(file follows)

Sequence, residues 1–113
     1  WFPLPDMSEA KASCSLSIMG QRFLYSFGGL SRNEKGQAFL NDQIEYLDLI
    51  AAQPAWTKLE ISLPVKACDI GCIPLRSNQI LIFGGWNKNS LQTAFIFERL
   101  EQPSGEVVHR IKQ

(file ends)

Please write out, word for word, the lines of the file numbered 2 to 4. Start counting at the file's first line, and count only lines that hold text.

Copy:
     1  WFPLPDMSEA KASCSLSIMG QRFLYSFGGL SRNEKGQAFL NDQIEYLDLI
    51  AAQPAWTKLE ISLPVKACDI GCIPLRSNQI LIFGGWNKNS LQTAFIFERL
   101  EQPSGEVVHR IKQ